Multi-channel power supplies can have output channels that are tied to a common point on their low side, or they can have isolated outputs. When the channels are connected with the same common point, they cannot be used to power circuits that are isolated from each other. Medical monitoring devices, for example, have circuits that are in direct contact with a human. Those circuits use a reference point that is isolated from the earth ground-based circuitry on the power line side of the device. This is also true for a large number of products that use opto-isolators to create separate, independent common reference points for different analogue circuits or analogue and digital circuits. Testing the medical device circuits and other circuits with isolated references with a multi-channel power supply requires that the power supply channels be isolated. Before choosing a multi-channel power supply, first determine whether non-isolated or isolated channels are needed and how the channels of a given power supply are configured.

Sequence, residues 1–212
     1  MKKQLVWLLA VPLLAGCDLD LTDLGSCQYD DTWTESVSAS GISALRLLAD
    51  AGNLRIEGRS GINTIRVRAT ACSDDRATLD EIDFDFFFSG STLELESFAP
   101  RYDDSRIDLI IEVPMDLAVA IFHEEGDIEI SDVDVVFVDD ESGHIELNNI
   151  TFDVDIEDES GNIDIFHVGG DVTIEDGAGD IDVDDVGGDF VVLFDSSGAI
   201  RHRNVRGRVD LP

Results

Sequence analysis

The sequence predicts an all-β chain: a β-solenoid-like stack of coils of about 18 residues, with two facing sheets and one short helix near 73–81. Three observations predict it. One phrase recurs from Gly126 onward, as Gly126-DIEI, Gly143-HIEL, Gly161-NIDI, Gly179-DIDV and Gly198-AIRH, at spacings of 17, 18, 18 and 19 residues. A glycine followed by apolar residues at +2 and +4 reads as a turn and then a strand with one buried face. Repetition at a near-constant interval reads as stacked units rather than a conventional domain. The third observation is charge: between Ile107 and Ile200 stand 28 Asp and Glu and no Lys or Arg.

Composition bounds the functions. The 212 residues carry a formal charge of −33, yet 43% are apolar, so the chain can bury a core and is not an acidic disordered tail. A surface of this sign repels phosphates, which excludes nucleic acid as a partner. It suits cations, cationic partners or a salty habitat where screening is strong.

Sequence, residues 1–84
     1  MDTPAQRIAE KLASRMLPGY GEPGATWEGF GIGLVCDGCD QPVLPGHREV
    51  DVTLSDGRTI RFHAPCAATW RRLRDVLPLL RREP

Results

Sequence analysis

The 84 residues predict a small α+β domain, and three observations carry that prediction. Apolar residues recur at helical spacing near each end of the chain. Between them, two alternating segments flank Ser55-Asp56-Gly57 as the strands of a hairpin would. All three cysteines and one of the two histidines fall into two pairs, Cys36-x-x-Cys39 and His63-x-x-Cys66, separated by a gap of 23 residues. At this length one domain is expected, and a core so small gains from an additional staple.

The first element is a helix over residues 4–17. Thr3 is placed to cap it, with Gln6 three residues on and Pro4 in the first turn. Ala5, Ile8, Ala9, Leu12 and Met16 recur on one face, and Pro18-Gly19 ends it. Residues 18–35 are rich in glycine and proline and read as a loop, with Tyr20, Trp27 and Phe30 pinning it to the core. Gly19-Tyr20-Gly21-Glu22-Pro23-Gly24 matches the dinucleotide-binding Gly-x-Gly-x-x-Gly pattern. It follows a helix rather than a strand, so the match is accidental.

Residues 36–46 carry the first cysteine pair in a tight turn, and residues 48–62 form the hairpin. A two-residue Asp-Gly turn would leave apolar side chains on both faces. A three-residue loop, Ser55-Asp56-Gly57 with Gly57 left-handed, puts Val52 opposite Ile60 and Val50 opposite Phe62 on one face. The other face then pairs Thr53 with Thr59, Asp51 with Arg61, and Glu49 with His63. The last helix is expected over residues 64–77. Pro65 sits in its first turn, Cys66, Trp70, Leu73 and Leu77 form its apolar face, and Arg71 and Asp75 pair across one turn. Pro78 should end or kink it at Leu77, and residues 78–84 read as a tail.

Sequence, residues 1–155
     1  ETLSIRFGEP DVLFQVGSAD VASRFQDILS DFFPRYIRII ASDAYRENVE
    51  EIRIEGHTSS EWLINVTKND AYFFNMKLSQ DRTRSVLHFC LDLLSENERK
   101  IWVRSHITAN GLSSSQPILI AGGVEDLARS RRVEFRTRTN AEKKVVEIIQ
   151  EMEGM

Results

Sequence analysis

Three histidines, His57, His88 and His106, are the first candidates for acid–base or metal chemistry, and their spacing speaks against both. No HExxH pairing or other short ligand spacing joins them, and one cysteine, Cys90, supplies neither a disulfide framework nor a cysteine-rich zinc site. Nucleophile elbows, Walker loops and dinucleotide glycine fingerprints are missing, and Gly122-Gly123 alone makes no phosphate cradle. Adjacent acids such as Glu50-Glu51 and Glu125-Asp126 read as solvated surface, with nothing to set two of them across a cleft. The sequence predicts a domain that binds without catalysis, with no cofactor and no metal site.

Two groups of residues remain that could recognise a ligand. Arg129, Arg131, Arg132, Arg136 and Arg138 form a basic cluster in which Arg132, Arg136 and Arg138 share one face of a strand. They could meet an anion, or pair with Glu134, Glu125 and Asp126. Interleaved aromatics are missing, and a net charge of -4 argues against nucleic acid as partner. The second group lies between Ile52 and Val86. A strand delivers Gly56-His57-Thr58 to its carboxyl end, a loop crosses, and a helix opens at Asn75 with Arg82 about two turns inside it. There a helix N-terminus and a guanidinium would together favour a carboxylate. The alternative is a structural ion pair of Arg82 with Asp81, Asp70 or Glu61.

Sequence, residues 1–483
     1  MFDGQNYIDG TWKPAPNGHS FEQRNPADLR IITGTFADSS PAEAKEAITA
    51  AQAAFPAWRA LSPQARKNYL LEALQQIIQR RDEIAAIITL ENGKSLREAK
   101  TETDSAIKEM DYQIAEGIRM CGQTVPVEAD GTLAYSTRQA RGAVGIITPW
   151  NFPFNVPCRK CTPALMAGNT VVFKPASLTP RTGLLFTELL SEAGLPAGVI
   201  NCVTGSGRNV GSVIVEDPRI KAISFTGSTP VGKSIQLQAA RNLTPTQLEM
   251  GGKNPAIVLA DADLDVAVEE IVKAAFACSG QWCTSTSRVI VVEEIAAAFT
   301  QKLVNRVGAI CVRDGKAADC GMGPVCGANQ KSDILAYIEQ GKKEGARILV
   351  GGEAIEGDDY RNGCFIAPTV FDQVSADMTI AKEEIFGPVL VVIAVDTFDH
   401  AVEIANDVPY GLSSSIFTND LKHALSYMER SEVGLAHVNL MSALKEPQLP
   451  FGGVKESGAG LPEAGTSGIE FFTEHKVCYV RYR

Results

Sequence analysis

Some devices, such as battery-powered electronics, may contain circuits that can be turned off to minimise power consumption. A wireless phone, for example, will often turn off its RF power amplifier circuitry, its highest power consuming circuit, to extend battery life. If a multi-channel power supply is being used to power different circuits in a single device during testing, independent control, that is, the flexibility to turn off a power supply channel without turning off all channels, is essential when testing circuits that have their power supply controlled based on the state of the instrument. When investigating a multi-channel power supply, determine whether the capability to enable and disable channels individually is essential, and if such a feature is required, make sure the power supply includes it.